Madoca 1977

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About Madoca 1977

  • Birthday 09/22/77

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  1. Will you post the video or picture of underside view? I do want to know how to lock differentials.
  2. I am not sure if I could explain correctly... See the picture below and check the video 1:40~1:46. 8T gear is just for making tiny space. When diff locked, red changeover part is positioned almost vertically, but not exactly vertical because of the space made by a tooth of 8T gear. Which means red driving ring is not fully pushed against DBG 16T clutch gear. That means DBG 16T clutch gear is not pushed against outer liftarm. So, 8T gear could be replaced with any other parts of same diameter.
  3. Thanks! Actually Unimog tire is close to the right size on this scale. I know it looks like "lifted" because fenders are too far from tires. But I left that space on purpose for better suspension travel. Bigger tire makes the space shorter like the real model. I think that is why oversized tires (last photo) looks rather similar to real Jeep.
  4. Thank you, everyone! Maybe I made a mistake. Obviously bigger tires look better. Fortunately the drivetrain was capable of crawling with 107mm tires. So It would be possible using same chassis, big tires, and different body.
  5. Bad news: I decided to modify front part of the chassis for newer wheel hub. So I need to restart taking pictures of building process. Good news: Instead of instructions, I shared another 4x4 MOC. Sorry for late.......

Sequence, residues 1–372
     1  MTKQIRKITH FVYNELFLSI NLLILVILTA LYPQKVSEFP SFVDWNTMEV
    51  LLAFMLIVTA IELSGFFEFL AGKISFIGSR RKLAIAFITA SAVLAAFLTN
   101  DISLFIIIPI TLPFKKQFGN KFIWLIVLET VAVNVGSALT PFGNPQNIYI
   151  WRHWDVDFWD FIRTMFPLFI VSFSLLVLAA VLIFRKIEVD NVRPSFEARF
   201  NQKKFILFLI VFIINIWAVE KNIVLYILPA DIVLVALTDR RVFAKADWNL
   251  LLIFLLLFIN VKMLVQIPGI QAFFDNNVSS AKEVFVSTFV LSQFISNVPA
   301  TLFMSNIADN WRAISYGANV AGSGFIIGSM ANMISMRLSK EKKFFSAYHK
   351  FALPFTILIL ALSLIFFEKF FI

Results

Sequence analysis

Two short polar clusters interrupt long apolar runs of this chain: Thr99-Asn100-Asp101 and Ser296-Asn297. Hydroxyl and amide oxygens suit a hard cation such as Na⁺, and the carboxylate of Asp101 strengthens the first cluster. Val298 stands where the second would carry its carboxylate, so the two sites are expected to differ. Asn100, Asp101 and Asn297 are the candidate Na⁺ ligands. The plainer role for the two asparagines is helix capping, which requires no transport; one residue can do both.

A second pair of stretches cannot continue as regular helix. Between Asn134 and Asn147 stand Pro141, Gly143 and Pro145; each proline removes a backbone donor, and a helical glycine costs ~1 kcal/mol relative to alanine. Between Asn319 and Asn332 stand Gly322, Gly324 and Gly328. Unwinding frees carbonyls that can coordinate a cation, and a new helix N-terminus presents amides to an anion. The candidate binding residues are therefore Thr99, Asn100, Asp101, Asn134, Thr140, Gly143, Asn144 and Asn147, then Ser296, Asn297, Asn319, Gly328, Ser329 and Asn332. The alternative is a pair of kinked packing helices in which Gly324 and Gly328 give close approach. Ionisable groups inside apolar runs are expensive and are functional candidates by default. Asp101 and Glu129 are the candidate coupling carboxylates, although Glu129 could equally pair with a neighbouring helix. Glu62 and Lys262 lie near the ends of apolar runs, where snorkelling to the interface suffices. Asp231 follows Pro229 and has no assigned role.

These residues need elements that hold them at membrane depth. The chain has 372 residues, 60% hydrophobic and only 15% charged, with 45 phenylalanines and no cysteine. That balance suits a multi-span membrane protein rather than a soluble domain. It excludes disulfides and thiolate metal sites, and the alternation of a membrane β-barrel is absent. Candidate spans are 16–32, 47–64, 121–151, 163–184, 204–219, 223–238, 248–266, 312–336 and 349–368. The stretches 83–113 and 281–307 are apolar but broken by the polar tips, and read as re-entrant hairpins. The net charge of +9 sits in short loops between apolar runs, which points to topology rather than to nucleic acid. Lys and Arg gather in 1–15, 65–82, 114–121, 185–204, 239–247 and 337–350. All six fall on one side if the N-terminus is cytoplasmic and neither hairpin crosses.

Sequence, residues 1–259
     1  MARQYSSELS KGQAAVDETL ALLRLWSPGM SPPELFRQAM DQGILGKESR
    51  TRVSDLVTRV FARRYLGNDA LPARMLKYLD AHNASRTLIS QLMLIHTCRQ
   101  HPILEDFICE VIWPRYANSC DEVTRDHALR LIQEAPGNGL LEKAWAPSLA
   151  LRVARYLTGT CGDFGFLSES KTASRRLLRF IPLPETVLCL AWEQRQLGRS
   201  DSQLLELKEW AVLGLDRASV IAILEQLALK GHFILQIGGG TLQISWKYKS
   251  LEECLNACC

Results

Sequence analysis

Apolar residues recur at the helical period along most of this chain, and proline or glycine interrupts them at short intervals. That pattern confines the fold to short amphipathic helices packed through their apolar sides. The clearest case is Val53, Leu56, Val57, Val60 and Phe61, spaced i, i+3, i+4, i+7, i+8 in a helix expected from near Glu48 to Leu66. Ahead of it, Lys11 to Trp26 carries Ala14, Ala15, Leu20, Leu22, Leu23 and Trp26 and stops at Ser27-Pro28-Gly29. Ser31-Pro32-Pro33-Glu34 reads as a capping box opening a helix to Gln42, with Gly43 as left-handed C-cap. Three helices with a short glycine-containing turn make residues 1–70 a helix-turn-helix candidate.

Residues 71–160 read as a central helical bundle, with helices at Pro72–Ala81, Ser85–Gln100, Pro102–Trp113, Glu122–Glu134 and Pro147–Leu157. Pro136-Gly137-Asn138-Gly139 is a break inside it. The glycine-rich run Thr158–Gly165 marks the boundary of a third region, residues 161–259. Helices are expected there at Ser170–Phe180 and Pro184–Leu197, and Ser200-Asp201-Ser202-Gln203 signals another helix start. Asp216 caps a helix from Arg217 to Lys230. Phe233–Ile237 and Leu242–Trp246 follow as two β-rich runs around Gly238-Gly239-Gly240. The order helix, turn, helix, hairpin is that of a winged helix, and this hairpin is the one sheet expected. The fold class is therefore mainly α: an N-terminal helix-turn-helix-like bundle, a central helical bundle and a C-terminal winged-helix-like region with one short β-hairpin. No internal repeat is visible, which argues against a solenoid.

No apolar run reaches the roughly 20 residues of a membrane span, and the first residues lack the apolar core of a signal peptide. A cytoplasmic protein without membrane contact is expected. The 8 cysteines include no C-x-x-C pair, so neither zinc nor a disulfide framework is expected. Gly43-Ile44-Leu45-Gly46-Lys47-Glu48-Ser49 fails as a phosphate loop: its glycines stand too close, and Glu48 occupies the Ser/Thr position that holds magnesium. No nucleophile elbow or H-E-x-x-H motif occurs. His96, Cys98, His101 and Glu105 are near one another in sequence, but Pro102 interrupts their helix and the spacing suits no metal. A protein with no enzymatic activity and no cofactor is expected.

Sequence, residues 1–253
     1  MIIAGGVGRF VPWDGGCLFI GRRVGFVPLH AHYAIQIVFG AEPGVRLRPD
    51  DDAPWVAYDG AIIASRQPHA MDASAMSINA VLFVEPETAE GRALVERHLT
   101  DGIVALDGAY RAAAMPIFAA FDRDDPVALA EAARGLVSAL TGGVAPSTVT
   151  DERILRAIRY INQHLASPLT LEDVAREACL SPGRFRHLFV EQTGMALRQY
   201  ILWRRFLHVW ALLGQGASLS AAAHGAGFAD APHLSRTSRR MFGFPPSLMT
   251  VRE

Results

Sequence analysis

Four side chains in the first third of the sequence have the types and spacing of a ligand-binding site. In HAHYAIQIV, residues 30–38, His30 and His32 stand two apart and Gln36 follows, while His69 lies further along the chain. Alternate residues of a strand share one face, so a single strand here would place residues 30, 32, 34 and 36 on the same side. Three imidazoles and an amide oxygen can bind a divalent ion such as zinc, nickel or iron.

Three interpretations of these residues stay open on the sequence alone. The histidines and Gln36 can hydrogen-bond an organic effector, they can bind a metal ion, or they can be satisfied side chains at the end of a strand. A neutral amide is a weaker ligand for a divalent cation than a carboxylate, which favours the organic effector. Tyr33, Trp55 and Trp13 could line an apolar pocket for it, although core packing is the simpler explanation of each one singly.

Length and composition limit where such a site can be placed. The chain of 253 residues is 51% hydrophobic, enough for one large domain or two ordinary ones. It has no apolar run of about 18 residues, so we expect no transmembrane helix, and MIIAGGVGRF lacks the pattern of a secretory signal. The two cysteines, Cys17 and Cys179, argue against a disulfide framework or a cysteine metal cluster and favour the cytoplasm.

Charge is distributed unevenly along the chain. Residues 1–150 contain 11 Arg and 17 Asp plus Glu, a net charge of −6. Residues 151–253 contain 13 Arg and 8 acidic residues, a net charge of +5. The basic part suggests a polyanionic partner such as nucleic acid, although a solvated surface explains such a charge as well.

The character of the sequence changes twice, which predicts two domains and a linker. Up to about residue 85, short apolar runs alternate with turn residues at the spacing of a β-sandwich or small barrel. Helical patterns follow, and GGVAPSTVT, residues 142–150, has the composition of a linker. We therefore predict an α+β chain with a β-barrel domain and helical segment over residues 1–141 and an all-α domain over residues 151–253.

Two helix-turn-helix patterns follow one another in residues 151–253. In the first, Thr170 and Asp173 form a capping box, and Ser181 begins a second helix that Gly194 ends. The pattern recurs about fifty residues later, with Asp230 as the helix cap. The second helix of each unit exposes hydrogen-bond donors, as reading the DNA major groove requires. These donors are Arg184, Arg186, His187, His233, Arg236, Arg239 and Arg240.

6. Hello! My latest MOC is a re-creation of unusual Jeep model. Jeep Mighty FC Concept -Weight: 2125g -2 XL motors for propulsion -Servo motor for steering -M motor for 2 speed gearbox -M motor for locking rear differential -M motor for winch -3 LEDs for front and rear lights -2 SBricks powered by one rechargeable battery box -Portal axles -Openable doors and tailgate -Shallow bed with fold-down sides -Detachable roof -Alternative tube doors The chassis is not realistic, but has decent offroad capability as heavy Lego model. My goal was to make a sturdy and powerful crawler having propulsion motors and gearbox on the center of its chassis. Which means the drivetrain contains two universal joints - weakest points - for transmitting the torque to front and rear live axles. To save U-joints from damaging, I adopted two stage reductions after differential on both axles. The gearbox is similar one to my previous FJ40 Crawler. I doubled the pair of 8T/24T gear for higher durability. High gear is three times faster than low gear. You may wonder why rear ball joint is connected lower than front. That is for avoiding body roll caused by high torque of hard-coupled XL motors. Seeing from the gearbox, the rear output rotates in opposite direction to the front one. So the front and rear axle are equally forced to rotate in opposite direction to each other. Thus the center chassis with heavy body does not easily roll left or right even when climbing steep incline. ( least on paper. I admit the complete body is a little bit too heavy to prove the theory above.) Steering angle is good, but turning radius is not so good. Because of the lack of center differential, it cannot handle different rotating speed of front and rear axle in tight turning. On slippy surface, like in the video, it can be steered without any problem. Rear differential can be locked instantaneously. The role of 8T gear on top of red changeover part is to make a tiny gap between 16T clutch gear and driving ring in locked position. Thanks to the gap, 16T gear is not pushed against outer structure. That helps to decreasing the friction. Front winch is powered by M motor geared 9:1. I used two pairs of 8T/24T gear instead of worm gear. It is smoother and surprisingly powerful. The hook can be manually pulled out by switching the lever under right seat. The body looks a bit squarish comparing to the real Mighty FC. Maybe I could replicate trapezoidal shape of its cabin. But I thought angled pillars and roll cage would be wobbly. So I decided to build simple yet sturdy. Instead of realistic appearance, I managed to realize easily detachable roof and doors. Although the whole MOC is built for using Unimog tires, Claas tires also fit well. But the maximum articulation of axles would be smaller because bigger tires possibly touch the chassis and fenders. It would be necessary to limit suspension travel or slightly modify the chassis. I hope you will like it! I will make building instruction. But I have to finish the instruction of Pickup first.